Going out: Kildare restaurant is a star in the making

Creativity and craft make this new venture a cut above the rest

Fri, Dec 16, 2016, 14:00

   

Canteen Celbridge

  • Irish

The main street is cloaked in fog and darkness and the GPS is having an existential crisis. We’re in a town where the streets have no numbers and are about to ask a human for help when we realise we have arrived. Some kind of homing instinct has drawn us right to the discreet door of Canteen Celbridge, like bees to a pollen patch.

Outside all is chilly stillness. Inside the door which is up a short laneway there is such a buzz we will struggle to hear each other as the night goes on. But that’s okay. Just as airline food is more strongly seasoned to combat the noise of the jet engines, James Sheridan’s cooking can rise above the exuberance. And, of course, I can communicate in swoons, grins and swapped forkfuls of beautiful food.

James and his partner Soizic Humbert brought their Canteen to Celbridge when they moved from a tiny space in Dublin’s Blackrock Market a year ago. They cut their cloth in 2014 to open their first place and turned a greasy spoon into a great restaurant.

Their successors Andrew Heron and Damien Grey bagged a Michelin star in October and credit Sheridan and Humbert with paving their way to stardom. It is a good deal easier to get a booking in the Canteen Celbridge. Heron & Grey is booked out till autumn 2017.

When I last ate his cooking Sheridan was serving a set menu. Here there are options, although we are on a set price €42 menu, its being December. They return to a la carte options in the new year. Canteen Celbridge is a long room with a wall of glass behind us, decorated in nice greys with school chairs and bare wooden tables.

To kick off the fun Taleggio cheese is wrapped in a house tortellino and served in a meaty onion broth with teeny onion rings of crispy shallots on top. It’s got all the savoury and sweet meld of a French onion soup except with silken pasta instead of soggy bread.

A salad isn’t the usual tumble of stuff on a plate but exquisitely arranged in a circle like a garland, with warm, soft chunks of roasted pumpkin interspersed with other tastes and textures. There’s a disc of raw, pickled pumpkin as cheerful as a smiley face emoji. Knocklara sheep’s cheese has been crumbled on top, along with tooth-squeaking samphire, sage and baby nasturtium leaves still on their stem.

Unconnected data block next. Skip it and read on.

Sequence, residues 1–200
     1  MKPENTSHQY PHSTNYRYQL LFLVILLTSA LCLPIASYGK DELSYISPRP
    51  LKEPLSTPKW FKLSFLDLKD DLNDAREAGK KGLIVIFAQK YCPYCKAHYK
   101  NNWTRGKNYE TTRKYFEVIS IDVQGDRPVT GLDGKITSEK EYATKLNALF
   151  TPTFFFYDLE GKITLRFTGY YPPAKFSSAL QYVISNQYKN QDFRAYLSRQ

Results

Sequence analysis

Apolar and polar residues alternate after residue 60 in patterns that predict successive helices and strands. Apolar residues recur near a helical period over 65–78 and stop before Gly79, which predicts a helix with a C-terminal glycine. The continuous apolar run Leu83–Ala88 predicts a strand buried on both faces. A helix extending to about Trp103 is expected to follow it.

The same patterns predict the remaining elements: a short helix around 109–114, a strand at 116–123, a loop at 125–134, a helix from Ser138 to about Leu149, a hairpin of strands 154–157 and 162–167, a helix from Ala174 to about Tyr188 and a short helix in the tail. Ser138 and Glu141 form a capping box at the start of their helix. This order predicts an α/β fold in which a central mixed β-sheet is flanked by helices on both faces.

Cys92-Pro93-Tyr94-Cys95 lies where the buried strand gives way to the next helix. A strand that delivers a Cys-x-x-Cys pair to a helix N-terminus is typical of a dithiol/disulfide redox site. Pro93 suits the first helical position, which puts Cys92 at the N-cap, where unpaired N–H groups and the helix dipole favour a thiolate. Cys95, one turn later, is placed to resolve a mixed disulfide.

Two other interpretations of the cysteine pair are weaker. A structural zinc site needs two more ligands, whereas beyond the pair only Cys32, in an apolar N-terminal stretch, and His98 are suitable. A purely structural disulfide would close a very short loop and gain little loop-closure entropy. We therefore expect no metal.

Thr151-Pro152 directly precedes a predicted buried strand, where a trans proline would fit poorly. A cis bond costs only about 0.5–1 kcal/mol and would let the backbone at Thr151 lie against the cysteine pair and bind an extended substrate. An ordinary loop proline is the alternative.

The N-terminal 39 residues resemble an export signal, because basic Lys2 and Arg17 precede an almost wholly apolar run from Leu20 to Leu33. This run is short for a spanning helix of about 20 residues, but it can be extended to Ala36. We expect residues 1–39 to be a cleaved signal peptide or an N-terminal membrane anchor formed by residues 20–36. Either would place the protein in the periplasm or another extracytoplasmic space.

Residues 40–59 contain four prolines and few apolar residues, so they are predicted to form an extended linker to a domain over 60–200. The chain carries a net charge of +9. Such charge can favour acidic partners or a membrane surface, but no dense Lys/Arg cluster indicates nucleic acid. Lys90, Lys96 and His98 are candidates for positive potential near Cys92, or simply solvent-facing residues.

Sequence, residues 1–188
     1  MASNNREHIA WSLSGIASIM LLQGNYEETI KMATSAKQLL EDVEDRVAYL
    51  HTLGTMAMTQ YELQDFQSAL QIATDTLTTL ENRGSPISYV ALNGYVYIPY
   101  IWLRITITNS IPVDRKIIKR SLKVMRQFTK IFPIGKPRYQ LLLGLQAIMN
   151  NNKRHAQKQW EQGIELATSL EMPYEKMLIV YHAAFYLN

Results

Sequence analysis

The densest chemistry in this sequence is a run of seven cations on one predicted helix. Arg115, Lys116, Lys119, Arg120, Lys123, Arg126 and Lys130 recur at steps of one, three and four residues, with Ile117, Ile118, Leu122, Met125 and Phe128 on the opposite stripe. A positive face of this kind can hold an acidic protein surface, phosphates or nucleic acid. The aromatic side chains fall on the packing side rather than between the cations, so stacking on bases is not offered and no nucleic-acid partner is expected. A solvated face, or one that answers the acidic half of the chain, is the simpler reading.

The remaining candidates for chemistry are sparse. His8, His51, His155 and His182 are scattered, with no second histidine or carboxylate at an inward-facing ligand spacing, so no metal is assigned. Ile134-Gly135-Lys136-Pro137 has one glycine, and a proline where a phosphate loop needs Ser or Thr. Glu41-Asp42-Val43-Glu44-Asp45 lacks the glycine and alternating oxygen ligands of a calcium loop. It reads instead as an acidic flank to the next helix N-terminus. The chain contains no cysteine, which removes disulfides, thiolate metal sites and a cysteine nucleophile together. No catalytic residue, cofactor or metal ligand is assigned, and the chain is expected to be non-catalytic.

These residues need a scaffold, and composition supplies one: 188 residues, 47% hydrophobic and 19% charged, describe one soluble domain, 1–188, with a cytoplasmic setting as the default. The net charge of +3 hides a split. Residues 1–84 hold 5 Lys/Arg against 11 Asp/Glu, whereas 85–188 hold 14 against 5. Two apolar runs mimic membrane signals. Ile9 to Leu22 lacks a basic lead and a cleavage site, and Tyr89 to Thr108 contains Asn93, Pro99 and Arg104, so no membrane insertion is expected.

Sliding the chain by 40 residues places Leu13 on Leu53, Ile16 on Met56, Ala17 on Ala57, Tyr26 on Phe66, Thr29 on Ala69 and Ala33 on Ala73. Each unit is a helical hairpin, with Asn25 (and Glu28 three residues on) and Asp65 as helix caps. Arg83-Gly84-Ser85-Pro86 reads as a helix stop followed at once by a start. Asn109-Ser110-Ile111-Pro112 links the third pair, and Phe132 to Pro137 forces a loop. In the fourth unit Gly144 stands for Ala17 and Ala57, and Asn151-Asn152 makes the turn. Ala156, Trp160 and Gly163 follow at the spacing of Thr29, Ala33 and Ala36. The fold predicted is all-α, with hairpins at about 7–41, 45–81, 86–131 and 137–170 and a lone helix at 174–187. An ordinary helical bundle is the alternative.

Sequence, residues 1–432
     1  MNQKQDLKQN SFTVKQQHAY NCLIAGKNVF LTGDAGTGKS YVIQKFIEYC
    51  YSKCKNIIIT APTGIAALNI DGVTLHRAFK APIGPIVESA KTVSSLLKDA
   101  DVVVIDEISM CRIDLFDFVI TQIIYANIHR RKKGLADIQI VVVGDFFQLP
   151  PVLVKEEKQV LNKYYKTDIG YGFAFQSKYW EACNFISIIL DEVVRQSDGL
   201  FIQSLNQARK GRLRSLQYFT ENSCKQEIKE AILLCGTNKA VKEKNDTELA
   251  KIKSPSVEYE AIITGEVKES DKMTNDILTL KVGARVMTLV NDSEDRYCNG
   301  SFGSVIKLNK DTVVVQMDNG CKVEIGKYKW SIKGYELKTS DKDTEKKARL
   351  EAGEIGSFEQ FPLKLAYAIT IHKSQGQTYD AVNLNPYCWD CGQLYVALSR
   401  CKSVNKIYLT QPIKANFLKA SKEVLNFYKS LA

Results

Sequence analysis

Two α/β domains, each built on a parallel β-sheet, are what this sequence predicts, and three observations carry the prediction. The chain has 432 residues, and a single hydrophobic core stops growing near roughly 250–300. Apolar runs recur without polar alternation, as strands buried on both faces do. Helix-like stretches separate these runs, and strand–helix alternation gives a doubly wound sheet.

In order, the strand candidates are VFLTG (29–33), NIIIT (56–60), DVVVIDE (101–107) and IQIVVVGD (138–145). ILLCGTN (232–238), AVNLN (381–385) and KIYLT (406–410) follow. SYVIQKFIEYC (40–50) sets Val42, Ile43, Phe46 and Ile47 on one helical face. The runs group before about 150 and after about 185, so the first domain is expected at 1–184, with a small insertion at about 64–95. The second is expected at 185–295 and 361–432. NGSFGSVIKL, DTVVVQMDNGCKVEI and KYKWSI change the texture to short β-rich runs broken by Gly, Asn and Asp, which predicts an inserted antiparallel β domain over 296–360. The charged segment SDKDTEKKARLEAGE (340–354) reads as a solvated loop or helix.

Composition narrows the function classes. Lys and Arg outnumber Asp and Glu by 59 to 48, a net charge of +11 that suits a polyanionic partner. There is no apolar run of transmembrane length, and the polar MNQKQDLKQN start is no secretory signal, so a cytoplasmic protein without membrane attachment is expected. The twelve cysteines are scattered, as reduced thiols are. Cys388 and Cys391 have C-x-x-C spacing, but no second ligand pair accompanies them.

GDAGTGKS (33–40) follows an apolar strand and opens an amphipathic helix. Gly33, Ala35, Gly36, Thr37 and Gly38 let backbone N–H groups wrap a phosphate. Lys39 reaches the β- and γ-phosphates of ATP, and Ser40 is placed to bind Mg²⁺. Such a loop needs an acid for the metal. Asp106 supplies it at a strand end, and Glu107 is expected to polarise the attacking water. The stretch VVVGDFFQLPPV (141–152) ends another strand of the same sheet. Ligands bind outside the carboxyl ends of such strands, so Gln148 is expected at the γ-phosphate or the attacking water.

I have the braised pig’s head, a solid round that looks like it came out of a tin but crumbles into soft strings of pork and stuffing, a roast dinner compressed. It comes with smoked beetroot which is (and here’s a word worn threadbare by overuse) properly amazing, a mouthful of earthy sweetness followed by a bonfire tang that stays after you have swallowed. There’s a sticky fennel gravy to finish a knockout plate of food.

A Black Angus steak is charred smoky on the outside but is still bright and juicy inside. Alongside it there’s a tiny slab of corned beef, cut to look like a slice of bread. It is topped with a tangle of mustardy leek like marmalade on toast, with dreamy pureed spuds and the rest of the leek charred on top.

I have another beautifully arranged plate, a fillet of brill finished in brown butter dotted with Jerusalem artichokes, roasted and peeled so they look like globe artichokes and also crisped into tiny orange rounds to be sprinkled on top. There are chanterelles tucked in there too and luscious chunks of scallop. House gnocchi make it three types of potato on the table, finished with a bowl of smashed queens with fresh diced scallions and a fair schlep of butter stirred into them.

Desserts keep up the standard. The star on the salt chocolate plate is a tuile of chocolate and pecans, crisp as parchment paper and a reminder that pecans are the king of the nut pile.

I get an apple tart tatin, utterly simple with the chunks cut thickly so they retained their soft appleness inside. It’s on a disc of flaky pastry that in a lesser restaurant would be the soggy forgotten bit of the meal. Here it’s not. Two chocolate and peanut truffles send us out into the freezing fog smiling.

James Sheridan has moved on from his tiny, bite-sized restaurant without losing any of the creativity or craft that made it such a hit. He has several stars hanging in his packed restaurant as tasteful Christmas decorations. Michelin doesn’t give a monkey’s what I think but Canteen Celbridge is up there with our other one-star venues.

Celbridge is a 20-minute drive from Dublin city centre, even in fog. It even has a “01” telephone number. So go. A restaurant like this deserves to be fully booked even after the party-goers pack away their black velvet for another year.

Dinner for two with one glass of wine came to €90.70.

Canteen Celbridge, 4 Main Street, Celbridge, Co Kildare. Tel: 01-6274967

Music: Too loud to tell. Could have been a brass band compilation for all I could hear

Food provenance: Good for cheese Knocklara, Durrus, Young Buck and Killeen named

Facilities: Chilly but fine

Wheelchair access: Yes

Vegetarian options: Vegetarian menu can be requested

VERDICT: 8½/10. Celbridge has a destination restaurant